Paris mayor's culture boss resigns over links to author under investigation for rape of minors
Christophe Girard, a senior member of the Paris city hall team, with responsibility for culture, has resigned after protests about his links with French author Gabriel Matzneff, who is under investigation for rape of minors.
A probe was launched earlier this year into allegations against Matzneff, following the publication in 2019 of a book by author Vanessa Springora, in which she describes a damaging sexual relationship with Matzneff, which she says began when she was 14 and he was 50. He is now 83.
Christophe Girard was questioned in March by investigators, about his time as Secretary General of the couture label Yves Saint Laurent in 1986-7. The couture house gave financial support to Matzneff during the 1980s, according to the accounts of other people who have been interrogated.
Christophe Girard resigned from his culture post on Thursday, after several dozen protestors had gathered outside City Hall during the first meeting of the Paris Council since the June elections, waving placards calling for his resignation.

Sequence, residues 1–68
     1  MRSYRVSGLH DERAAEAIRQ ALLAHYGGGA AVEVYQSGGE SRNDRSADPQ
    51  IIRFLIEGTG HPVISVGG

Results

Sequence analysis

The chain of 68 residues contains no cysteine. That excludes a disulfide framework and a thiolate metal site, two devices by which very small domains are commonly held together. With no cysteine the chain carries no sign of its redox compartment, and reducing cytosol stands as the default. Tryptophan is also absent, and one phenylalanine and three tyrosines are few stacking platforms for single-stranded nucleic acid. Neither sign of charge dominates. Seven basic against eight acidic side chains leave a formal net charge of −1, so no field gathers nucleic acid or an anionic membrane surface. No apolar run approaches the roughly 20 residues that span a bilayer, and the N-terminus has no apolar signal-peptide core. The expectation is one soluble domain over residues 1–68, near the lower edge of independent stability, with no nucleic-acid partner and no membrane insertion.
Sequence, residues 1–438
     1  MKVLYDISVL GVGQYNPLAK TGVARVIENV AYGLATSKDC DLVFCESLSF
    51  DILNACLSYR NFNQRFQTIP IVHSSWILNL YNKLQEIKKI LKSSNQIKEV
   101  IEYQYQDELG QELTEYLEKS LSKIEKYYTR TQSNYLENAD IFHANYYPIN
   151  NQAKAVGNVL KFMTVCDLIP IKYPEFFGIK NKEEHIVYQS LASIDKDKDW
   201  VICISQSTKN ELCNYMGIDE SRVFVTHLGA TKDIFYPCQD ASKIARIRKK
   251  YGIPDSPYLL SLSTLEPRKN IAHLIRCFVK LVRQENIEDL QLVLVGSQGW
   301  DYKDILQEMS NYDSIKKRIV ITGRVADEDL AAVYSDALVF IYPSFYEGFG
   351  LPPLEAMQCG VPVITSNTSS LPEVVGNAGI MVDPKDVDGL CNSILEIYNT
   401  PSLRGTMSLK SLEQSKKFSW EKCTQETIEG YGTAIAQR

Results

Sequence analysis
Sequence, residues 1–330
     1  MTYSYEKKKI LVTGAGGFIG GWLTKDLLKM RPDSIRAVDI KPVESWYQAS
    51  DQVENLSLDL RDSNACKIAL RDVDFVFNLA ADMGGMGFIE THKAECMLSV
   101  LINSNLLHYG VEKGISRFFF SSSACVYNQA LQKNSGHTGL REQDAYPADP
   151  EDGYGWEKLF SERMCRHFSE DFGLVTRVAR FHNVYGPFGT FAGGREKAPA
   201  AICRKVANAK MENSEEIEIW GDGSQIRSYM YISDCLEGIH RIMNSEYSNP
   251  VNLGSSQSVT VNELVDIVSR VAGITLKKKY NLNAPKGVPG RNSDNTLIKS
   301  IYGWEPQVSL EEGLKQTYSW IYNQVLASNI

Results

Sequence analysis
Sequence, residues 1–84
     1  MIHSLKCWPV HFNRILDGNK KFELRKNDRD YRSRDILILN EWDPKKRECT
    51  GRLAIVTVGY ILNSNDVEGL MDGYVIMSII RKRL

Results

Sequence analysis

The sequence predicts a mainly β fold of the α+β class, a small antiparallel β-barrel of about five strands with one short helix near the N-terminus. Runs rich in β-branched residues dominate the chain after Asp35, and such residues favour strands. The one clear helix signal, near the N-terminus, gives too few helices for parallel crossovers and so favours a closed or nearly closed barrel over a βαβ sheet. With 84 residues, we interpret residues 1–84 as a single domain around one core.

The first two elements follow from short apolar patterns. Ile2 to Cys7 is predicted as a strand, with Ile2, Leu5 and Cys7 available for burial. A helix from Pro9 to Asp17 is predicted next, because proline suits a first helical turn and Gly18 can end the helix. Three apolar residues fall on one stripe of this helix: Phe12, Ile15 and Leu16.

Among those protesting and calling for him to go was a councillor for the EELV Ecology party, Raphaëlle Rémy-Leleu. She said it was “not enough to have no criminal record, you should also have ethical and moral qualities. His support for Gabriel Matzneff disqualifies Girard from holding this sort of responsibility”.
Ecologist and feminist representatives on the council had already written to Socialist mayor of Paris, Anne Hidalgo, asking her to suspend Girard and instigate an internal enquiry into the nature of his connection to Matzneff. Elected Green party officials in the City Hall have also refused to be photographed or publicly associated with Girard for some time.
They released a statement after Girard's resignation, saying that the he had taken the best decision to protect the city and its elected officials in view of the “untenable situation”.
Paris Mayor 'disgusted'
Socialist Mayor of Paris, Anne Hidalgo did not hide her anger in a tweet. She praised Girard's “courageous decision” but condemned those who had called for his resignation, writing: “I am disgusted. What sort of democracy do we live in where rumours, generalizations and suspicions trample on the rule of law? Total support for my friend Christophe Girard.”
Girard himself issued a communiqué explaining his decision to resign.
“I am 64, I have a happy family life and several cultural and political commitments and have absolutely no desire to pollute my life further and to spend my time permanently justifying myself about something inexistent,” he said.
Christophe Girard will stay on as councilor for the 8th arrondissment of Paris, a position to which he was elected in June.